Global beauty and cosmetics firm L’Oreal announced on Thursday its commitment to end deforestation from all its supply chains by 2020 – a move that builds on its pledge towards greater corporate social responsibility made in October last year.
Called the ‘Sharing Beauty With All’ sustainability commitment, the company behind brands like Garnier, Maybelline and Yves Saint Laurent Beauté, plans to attract one billion new customers while making a positive impact on the world by 2020.
The new no forest destruction policy confirms this ambition, said the company. This means they will work on improving the traceability of its raw materials and ensure that their products are made without any links to any environmental and social harm. L’Oreal specifically aims to ensure that palm oil, soya oil and wood fibre-based products are sustainably sourced.
Deforestation is inextricably tied to the palm oil and paper and pulp industries, particularly the former which is “the greatest single cause of deforestation in Indonesia”, according to Greenpeace International. Some 620,000 hectares of rainforest, or a size bigger than Brunei, is lost every year, noted Greenpeace.
The clearing of forests not only adds to greenhouse gas emissions and causes transboundary haze for the surrounding region, but also affects the conservation of the endangered Sumatran Tigers.
Bustar Maitar, head of the Indonesia forest campaign at Greenpeace International, called the latest commitment “a win for consumers around the world”, but at the same time called for the firm to bring forward the deadline.
“While L’Oreal and Unilever’s No Deforestation commitments send a strong signal to the sector, they still allow their suppliers six more years to clear forests. With global warming and rapid biodiversity loss, we urge these companies to guarantee consumers that their products will be free from forest destruction before their 2020 deadline,” he said.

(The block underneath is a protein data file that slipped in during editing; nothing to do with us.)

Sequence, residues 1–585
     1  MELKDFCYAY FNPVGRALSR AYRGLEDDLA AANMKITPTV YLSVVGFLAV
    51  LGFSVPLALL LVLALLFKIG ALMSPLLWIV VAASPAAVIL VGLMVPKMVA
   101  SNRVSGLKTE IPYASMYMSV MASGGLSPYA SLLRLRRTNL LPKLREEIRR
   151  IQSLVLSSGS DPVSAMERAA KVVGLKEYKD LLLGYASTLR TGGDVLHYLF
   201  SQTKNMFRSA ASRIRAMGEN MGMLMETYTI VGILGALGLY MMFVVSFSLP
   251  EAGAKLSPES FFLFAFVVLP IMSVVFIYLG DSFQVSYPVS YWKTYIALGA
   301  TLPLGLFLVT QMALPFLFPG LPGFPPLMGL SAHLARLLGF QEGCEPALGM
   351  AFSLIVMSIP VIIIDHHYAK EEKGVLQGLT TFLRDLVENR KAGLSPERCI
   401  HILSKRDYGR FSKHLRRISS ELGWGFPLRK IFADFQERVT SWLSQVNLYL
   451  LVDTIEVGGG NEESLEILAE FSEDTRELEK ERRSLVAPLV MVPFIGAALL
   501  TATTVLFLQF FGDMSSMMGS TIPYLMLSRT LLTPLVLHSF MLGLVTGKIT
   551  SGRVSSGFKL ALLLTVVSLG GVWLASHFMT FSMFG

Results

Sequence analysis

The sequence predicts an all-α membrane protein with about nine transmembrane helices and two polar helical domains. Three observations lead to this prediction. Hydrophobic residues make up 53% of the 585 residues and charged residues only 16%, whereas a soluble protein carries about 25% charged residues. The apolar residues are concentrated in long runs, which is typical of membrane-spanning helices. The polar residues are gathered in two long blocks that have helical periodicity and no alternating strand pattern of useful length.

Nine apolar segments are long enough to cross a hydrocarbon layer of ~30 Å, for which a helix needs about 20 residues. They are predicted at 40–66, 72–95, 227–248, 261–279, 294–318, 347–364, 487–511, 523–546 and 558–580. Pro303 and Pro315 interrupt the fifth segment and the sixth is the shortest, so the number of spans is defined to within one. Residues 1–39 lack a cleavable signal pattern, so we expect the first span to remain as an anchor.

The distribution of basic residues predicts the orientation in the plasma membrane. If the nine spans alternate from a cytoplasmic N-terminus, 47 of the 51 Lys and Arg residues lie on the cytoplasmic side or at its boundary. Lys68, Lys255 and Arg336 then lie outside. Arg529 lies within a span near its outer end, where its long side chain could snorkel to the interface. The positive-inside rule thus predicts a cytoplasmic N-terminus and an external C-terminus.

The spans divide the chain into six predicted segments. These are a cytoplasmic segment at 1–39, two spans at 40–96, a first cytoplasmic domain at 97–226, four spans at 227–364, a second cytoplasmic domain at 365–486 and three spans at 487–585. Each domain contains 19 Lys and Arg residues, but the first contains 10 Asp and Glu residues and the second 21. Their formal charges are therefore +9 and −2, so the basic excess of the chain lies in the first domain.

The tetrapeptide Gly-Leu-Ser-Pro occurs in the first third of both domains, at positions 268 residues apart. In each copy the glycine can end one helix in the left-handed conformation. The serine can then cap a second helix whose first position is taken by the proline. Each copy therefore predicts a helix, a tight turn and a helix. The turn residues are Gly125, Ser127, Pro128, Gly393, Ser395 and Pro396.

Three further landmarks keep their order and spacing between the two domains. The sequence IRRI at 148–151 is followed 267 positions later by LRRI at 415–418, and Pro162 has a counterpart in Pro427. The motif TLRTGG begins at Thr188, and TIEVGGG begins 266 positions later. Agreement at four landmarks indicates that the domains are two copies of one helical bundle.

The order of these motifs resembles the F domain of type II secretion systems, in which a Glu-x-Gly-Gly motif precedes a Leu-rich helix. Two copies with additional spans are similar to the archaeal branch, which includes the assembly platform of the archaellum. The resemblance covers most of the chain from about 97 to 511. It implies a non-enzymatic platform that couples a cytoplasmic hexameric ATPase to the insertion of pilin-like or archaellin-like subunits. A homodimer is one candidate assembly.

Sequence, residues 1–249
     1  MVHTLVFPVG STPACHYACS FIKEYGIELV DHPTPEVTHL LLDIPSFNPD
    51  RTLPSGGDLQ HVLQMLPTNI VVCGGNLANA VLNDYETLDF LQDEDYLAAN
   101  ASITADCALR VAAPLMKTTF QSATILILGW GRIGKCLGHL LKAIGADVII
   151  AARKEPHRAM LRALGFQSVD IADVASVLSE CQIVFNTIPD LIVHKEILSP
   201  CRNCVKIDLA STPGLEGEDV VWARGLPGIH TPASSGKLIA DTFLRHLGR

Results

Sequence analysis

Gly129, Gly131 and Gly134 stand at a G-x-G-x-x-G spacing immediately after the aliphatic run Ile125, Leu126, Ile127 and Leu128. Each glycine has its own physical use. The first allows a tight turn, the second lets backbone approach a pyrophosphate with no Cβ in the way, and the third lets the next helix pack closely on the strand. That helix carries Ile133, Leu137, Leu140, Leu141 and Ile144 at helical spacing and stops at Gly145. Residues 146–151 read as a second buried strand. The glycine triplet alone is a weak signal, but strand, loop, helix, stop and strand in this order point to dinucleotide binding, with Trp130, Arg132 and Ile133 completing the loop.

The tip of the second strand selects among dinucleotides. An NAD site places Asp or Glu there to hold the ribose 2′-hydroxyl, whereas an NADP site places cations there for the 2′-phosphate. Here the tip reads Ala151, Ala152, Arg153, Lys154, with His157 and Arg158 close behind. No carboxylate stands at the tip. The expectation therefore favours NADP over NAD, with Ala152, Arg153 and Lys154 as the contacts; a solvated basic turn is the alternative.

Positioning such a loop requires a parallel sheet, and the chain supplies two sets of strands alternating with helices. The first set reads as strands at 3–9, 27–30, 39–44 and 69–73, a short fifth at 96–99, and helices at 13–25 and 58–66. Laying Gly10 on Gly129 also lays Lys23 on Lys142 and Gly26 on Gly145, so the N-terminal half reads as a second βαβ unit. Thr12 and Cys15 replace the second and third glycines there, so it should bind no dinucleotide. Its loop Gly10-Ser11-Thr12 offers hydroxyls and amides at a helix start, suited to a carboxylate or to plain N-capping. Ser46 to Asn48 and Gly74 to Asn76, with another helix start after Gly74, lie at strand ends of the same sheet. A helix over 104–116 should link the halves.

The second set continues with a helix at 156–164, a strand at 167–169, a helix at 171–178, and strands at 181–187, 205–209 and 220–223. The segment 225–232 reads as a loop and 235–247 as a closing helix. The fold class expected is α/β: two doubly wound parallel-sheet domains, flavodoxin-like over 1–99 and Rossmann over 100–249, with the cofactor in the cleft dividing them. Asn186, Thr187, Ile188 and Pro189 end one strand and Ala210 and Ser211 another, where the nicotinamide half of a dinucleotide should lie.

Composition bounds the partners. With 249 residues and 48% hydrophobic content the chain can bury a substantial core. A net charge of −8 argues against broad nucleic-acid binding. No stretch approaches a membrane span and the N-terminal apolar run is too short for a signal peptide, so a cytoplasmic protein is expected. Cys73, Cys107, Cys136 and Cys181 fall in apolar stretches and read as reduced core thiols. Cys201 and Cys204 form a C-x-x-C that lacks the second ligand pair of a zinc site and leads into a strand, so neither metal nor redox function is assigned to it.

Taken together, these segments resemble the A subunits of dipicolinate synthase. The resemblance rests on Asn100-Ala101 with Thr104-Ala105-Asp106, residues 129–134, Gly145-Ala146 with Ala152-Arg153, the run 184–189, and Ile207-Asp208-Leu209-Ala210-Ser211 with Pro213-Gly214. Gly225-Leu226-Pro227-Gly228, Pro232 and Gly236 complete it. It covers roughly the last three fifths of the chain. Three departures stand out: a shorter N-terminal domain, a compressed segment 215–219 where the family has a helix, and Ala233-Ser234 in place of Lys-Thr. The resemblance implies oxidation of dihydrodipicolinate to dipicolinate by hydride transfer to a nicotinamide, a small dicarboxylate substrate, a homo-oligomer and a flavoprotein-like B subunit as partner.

The environmental NGO said they expect other companies to make the same commitment but with more “ambitious timelines”.
One of Greenpeace’s campaigns, called the Tiger Challenge, urges eight multinational companies such as Procter & Gamble, Colgate Palmolive, Reckitt Benckiser and L’Oreal to implement a no deforestation policy. The challenge is for them to guarantee that the palm oil used in their consumer products are tiger-friendly.
L’Oreal is the newest addition to a growing list of companies that have cleaned up their act to support deforestation-free palm oil use. The company follows Mondelēz International, one of the firms also named in the Tiger Challenge, plus Unilever, Nestle, Ferrero, and Wilmar International.
Wilmar International, the world’s largest palm oil trader, is one of the more recent additions, announcing their committment at the end of 2013. It was largely seen as a landmark move that can improve the industry.
Greenpeace told Eco-Business that L’Oreal’s new CSR policy was the result of sustained campaigning and engagement with the company’s headquarters in France and with their other offices around the world.